Since the 1840s farmers, ranchers and livestock breeders made the trek to Columbia, Tennessee each year to buy and trade mules on what was known as “Breeders Day.” Mule Days is alive and well in Columbia each April. The annual event features contests, parades, mule driving and festivities galore - all in celebration of mules.
Facts about the Mule
The mule has been valued throughout recorded history by kings, the military and farmers as they are known to possess the best traits of the parent animals, horses and donkeys. A male mule is called a john or a horse mule. A female is called a molly or mare. Mules have been accused of being stubborn, most likely because they are smart. These sure-footed, strong animals are well suited for riding muleback, plowing a field or garden plot, and pulling a wagon. Select-cut loggers have long relied on mules to snake cut logs out of the woods because they can do so without damaging the forest.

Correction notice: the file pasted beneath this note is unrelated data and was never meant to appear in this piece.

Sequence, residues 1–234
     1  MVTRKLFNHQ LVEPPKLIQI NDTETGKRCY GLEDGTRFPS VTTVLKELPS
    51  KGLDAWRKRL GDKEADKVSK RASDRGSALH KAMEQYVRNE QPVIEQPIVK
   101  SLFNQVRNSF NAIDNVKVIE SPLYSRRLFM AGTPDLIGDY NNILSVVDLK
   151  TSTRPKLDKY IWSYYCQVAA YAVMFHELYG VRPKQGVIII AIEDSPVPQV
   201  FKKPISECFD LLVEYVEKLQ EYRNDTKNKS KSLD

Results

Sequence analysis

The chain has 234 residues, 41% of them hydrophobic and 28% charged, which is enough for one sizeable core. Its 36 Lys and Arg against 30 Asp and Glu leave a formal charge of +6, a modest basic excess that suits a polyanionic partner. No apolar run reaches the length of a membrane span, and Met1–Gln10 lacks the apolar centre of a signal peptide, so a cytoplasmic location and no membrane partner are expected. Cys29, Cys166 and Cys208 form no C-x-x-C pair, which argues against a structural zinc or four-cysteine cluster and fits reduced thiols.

Before we give too much away, let’s see how well you know the history of this animal possessing great strength, intelligence and endurance. Take our mule mania quiz.
Mule Mania Quiz
About the photo: The mule pictured above is our mule, Sally. She was a gentle, smart, loyal and good old gal that we surely miss.
Check your answers to see how well you did. 1. jack, 2. Kings- David, Solomon, Ahab; 3. George Washington; 4. King Charles of Spain; 5. the south
About the Author:
Deborah Tukua is a nonfiction author, and editor of Journey to Natural Living. She is author of seven books including, Naturally Sweet Blender Treats: 55 Fresh from the Blender Recipes, and Marketing Strategies for Chiropractic Success. Deborah has been a regular lifestyle feature writer for the Farmers' Almanac since 2004.
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